This article is part of our Baseball Draft Kit series.
Over the years, I have written dozens of articles related to pitching analysis, and though I have often thought that I "knew" what I was talking about, some of the assertions that I have lived by no longer hold much weight as I set my pitching draft boards. The Verducci Effect stated that pitchers under 25 who added 30 or more innings to their prior-year totals were more susceptible to injury the following year. That belief has all but been debunked, though I will be curious to see how well Matt Harvey pitches in 2016. Other analysts insist that guys with odd-looking deliveries are bound to get hurt, but Chris Sale made 31 starts last year and Clayton Kershaw has survived with the hitch in his delivery.
Here are the five main things I consider when rankings my starting pitchers for drafts:
- Advanced Metrics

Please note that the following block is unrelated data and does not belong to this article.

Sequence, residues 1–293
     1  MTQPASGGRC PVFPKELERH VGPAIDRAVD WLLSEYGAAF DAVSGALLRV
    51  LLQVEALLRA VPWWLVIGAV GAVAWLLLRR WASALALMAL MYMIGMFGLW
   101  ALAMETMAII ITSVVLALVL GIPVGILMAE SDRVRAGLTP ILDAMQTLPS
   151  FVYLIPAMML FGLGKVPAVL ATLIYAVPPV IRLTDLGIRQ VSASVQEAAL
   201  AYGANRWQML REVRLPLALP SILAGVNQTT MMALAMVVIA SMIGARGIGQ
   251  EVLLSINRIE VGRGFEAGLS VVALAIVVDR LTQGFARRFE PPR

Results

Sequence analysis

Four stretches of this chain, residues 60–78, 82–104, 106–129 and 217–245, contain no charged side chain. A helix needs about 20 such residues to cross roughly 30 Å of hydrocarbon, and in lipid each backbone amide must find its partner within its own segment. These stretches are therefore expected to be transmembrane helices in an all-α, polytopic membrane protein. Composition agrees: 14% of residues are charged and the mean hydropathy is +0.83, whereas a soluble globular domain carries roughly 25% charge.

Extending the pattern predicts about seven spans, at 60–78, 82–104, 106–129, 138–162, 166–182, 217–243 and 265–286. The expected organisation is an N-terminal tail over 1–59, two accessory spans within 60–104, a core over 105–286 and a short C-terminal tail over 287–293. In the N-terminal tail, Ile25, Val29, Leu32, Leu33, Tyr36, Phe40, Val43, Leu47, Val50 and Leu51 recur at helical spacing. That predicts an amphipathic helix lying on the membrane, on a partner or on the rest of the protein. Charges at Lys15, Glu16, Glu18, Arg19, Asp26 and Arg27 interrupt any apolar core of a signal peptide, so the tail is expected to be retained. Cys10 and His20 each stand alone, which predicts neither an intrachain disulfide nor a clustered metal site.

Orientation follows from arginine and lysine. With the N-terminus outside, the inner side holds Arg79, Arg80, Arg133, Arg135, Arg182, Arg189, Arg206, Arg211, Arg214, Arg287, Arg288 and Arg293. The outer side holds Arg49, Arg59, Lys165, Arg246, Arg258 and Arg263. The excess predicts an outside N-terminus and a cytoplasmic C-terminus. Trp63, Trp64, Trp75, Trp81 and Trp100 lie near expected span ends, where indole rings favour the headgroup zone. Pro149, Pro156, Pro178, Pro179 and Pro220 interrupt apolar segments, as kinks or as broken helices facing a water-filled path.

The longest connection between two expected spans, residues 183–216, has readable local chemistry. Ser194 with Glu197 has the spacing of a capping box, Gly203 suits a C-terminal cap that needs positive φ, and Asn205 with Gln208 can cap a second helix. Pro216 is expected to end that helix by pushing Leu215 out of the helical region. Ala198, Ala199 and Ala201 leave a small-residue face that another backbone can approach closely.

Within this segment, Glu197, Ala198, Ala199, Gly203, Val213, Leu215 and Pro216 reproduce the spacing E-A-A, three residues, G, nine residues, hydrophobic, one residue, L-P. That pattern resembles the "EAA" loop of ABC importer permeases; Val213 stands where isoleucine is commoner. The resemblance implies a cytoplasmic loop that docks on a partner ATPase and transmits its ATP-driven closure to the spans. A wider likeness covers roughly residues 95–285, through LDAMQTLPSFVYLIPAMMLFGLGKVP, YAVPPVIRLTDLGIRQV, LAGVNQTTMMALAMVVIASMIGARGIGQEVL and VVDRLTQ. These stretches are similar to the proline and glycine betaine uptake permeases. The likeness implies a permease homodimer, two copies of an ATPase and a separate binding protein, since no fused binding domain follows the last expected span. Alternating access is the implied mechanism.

- Youth and Upside Over Safety
- Previous Year Finish
- Fastball Velocity
- Players Returning From Injury
All else being equal, you're going to want to target guys who miss bats and don't miss the strike zone, but due to factors outside of their control (think defense, and more specifically, BABIP), have a higher than expected ERA. This is by no means foolproof (see Ricky Nolasco recently), but it's a good place to start digging. FIP (Fielding Independent Pitching) is a metric that incorporates strikeouts, walks, and home runs while stripping out the randomness of balls in play. Taking guys with ERAs significantly higher than their FIP